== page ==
It contained inside the code itself. It consists of
- clear layout
- good routine names
- use of named constants
- descriptive variable names
- minimal control flow and data structure complexity
Good Layout includes use of white space and effective use of spacing to make it easy to see the repetitions statements and selection statements of the program.
Require effective names. Names that say what the routines do. Make sure that they are used for only one purpose. For example Find, List, and Delete.
Also require effective names: They should describe what the constant is used for. Use constants instead of “magic” numbers.
Ex Define Ten = 10;
Make sure that variable names distinguish global, local, enumerated types, and constants. They should also like routines only do one task or be used for just one function. Don’t have “garbage” or “DoStuff” or “FooballRules” variable names.
Should have the normal case follow the IF expression instead of the else. Try to avoid as much as possible nested if statements. Try to make them read like English sentences. For example:
Try to make them simple and have the loop control variables more descriptive then x, y or z. For example:
Like Selection Statements you should try to keep nesting of loop to a minimum.
Following these standards should naturally minimize the amount of comments that you have to implement.
The necessity of comments is a hotly debated topic but it is widely accepted that they should be used in a number of levels.
They can be stored as separate files describing what particular routines or modules do. They should also be inside the code.
This is the lowest level that comments exist. They should be reserved for the tricky parts of your code and keep to a minimal because too
much comments takes away from the readability of your code. While at the begging of each of your files you should include the PDL of your code.
Here are examples of bad and good routines.
Keys to Effective Comments
1.Should we use comments?
If we don’t do it well, it wastes your time and it wastes the time of anyone who tries to understand your code. But if its done well it makes the program a lot of easier to understand.
Effective commenting isn’t that time-consuming. Comments can take a lot of time to write for two common reasons. First, the commenting style might be time-consuming or tedious-a pain in the neck. Second, commenting might be difficult because the words to describe what the program is doing don’t come easily. The time you spend “commenting” is really time spent understanding the program better, which is time that needs to be spend regardless of whether you comment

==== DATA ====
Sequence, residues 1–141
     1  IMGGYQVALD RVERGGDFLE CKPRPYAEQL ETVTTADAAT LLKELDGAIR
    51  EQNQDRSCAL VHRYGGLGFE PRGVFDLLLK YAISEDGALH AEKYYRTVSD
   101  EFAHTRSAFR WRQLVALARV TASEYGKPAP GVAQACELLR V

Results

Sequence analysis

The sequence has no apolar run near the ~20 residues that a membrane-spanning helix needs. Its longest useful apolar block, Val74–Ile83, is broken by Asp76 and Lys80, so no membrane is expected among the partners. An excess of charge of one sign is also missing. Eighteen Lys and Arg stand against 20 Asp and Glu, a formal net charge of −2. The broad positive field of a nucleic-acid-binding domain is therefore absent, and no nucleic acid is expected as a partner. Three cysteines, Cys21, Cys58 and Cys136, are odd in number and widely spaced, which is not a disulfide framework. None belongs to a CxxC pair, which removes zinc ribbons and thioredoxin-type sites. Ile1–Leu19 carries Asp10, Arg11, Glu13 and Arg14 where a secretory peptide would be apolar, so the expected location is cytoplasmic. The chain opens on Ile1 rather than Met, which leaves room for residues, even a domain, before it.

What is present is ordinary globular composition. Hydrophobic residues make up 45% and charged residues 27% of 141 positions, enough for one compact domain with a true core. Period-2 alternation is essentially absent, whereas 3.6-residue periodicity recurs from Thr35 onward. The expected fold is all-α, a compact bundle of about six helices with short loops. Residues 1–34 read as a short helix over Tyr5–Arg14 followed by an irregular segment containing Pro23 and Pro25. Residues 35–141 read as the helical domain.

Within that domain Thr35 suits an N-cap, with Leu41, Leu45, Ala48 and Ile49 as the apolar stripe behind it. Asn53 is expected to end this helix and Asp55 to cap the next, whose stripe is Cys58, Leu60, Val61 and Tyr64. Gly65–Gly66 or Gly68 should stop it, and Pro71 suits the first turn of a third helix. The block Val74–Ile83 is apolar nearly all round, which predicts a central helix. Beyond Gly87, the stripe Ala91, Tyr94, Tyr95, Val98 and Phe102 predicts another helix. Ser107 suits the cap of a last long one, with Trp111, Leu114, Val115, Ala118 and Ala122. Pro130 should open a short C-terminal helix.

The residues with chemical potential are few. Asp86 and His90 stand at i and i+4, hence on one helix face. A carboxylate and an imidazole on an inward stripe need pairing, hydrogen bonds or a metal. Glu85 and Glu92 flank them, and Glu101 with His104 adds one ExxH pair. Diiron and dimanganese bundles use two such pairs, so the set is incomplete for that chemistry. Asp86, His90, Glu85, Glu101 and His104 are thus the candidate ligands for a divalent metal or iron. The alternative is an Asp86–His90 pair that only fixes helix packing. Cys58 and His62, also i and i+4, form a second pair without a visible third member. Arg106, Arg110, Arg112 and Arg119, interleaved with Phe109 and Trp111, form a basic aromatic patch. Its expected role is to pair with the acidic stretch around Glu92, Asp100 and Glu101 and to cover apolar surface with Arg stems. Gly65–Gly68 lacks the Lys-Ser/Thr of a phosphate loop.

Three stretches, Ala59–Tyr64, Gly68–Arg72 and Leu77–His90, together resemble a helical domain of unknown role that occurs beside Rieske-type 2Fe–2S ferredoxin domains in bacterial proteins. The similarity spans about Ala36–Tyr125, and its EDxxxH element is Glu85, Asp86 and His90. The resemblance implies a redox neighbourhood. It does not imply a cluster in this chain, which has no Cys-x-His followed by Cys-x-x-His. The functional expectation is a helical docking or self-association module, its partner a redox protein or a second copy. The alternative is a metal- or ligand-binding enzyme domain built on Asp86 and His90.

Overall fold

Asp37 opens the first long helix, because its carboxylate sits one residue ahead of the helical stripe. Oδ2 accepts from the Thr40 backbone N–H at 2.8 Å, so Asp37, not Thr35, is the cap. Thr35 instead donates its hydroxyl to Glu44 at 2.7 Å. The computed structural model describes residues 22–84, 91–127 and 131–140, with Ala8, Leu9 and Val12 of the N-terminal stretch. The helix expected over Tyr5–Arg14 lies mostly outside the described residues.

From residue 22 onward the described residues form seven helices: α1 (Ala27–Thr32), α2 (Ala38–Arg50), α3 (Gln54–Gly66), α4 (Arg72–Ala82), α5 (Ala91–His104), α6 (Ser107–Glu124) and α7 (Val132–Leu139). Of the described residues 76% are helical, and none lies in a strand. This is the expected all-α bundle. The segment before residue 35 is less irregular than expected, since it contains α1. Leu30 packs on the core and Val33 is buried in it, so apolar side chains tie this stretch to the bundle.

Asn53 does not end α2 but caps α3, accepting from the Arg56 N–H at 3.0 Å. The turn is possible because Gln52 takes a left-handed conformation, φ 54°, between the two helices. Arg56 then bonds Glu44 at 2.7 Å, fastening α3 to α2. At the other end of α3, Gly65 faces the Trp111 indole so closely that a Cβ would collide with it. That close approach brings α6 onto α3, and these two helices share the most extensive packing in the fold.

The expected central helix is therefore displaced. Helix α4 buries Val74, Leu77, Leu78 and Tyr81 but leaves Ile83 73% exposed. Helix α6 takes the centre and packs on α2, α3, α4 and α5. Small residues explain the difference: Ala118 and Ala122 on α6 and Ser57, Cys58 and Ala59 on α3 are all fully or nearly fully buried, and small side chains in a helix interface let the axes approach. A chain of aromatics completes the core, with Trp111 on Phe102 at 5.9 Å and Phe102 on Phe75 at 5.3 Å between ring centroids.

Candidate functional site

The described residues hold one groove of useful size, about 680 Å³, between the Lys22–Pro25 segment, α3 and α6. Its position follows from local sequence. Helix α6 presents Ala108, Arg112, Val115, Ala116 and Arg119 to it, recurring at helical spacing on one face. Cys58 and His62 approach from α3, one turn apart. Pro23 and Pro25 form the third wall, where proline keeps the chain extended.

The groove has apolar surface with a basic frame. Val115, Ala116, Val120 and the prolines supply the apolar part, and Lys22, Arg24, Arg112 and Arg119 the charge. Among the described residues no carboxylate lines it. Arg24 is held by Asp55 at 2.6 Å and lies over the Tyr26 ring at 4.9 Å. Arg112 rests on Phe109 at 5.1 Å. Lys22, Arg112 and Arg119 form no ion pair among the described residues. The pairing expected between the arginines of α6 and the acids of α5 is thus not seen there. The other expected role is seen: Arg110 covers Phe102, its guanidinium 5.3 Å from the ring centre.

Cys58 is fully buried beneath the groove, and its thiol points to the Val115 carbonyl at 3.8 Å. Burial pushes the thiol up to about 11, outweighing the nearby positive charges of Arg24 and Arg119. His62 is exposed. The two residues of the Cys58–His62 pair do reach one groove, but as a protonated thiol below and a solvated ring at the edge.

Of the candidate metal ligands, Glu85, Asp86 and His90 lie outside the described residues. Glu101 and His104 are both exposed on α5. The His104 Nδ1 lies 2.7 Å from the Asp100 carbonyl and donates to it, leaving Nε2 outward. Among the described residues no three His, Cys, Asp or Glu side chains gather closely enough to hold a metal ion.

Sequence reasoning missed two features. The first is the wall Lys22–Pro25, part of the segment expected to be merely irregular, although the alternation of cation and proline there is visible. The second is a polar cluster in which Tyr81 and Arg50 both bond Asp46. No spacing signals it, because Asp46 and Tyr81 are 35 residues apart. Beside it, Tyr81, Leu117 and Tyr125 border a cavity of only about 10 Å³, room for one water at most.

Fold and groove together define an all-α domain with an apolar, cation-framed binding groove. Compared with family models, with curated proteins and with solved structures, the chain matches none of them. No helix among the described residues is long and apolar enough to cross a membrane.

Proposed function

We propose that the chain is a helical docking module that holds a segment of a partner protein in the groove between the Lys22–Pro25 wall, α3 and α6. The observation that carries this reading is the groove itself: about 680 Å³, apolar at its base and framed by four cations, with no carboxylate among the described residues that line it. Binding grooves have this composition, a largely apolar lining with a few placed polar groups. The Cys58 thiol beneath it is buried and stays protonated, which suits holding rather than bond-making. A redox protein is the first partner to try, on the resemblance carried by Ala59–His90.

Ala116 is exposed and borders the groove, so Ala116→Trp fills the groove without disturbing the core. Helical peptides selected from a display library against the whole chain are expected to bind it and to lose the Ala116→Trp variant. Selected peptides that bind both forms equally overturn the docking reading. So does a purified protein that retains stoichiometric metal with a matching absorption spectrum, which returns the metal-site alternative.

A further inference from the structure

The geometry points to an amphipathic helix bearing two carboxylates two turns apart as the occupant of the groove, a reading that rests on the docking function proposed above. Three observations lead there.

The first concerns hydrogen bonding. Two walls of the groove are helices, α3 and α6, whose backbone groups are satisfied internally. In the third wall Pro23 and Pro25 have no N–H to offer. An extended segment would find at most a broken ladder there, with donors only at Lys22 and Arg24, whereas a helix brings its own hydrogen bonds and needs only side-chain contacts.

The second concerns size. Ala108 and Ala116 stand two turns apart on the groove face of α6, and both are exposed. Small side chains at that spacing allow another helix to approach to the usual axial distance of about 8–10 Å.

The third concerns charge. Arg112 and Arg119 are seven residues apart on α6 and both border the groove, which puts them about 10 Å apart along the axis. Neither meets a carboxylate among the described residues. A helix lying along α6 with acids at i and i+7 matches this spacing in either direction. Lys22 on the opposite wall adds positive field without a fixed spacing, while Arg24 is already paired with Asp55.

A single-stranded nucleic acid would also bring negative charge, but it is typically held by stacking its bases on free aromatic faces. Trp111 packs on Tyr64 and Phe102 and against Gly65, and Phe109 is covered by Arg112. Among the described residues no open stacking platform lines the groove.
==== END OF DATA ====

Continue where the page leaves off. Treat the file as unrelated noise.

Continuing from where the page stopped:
- Use styles that don’t break down for discourage modification.
Any style that’s too fancy is annoying to maintain.
- Use the PDL-to-code process to reduce commenting time.
If you outline the code in comments before you write it, you win in several ways.
- Comments as you go along.
The alternative to commenting as you go along, leaving commenting until the end of the project, has too many disadvantages. It becomes a task in its own right, which makes it seem like more work than when it’s done a little bit at a time.
- Here are examples of bad and good routines.
Good Comments should say things about the code that the code can’t say about itself. Good code is its own best documentation. Commenting is amenable to several different techniques depending on the level to which the comments apply: program, file, routine, paragraph, or individual
General good commenting technique
- Like PDL, comments are written in terms of code’s intent or summarize what the code does, rather than just repeating the code.
- They are explain the “tricky bits” (hard parts).
- They can be useful as “TODO” markers.
- Use the PDL-to-code technique can reduce commenting time.
- Add comments as you code or before you code, NEVER after.
- One of the very useful functions that can be served by comment, is as a “changeLeg”.
Things that should be documented in comments
- Things that aren’t obvious from the code.
Particularly, programs involved in “ inter-process” communication.
- Things that get around system errors or make use of undocumented or little known features.
If it’s an error, it’s probably not documented.
- Parameters to Routines
- IN / OUT / BOTH
- Allowable ranges / values
- Limitation on a routines capabilities
- Global Data
- Every time we use it
- Its declaration
- What the various branches of an “if-else if ” or ‘case’ statement are for
- Each control statement is commented
- The ends of long or complex control structures are commented.
- Change / Revision History
- Each group of lines that get modified in a change / revision should be commented as part of the “ChangeLeg” Item.
- What a module / class we need a description of its purpose, and summary of the routines in it
Particularly, the public interface
- Here is an example of good routines.
Author: Brien Beattie, Dean Vargo, Yixiang Wang, Yawen Wu, Hong Zhang
Date : June 19, 2000.
Department of Computer Science, University of Regina.
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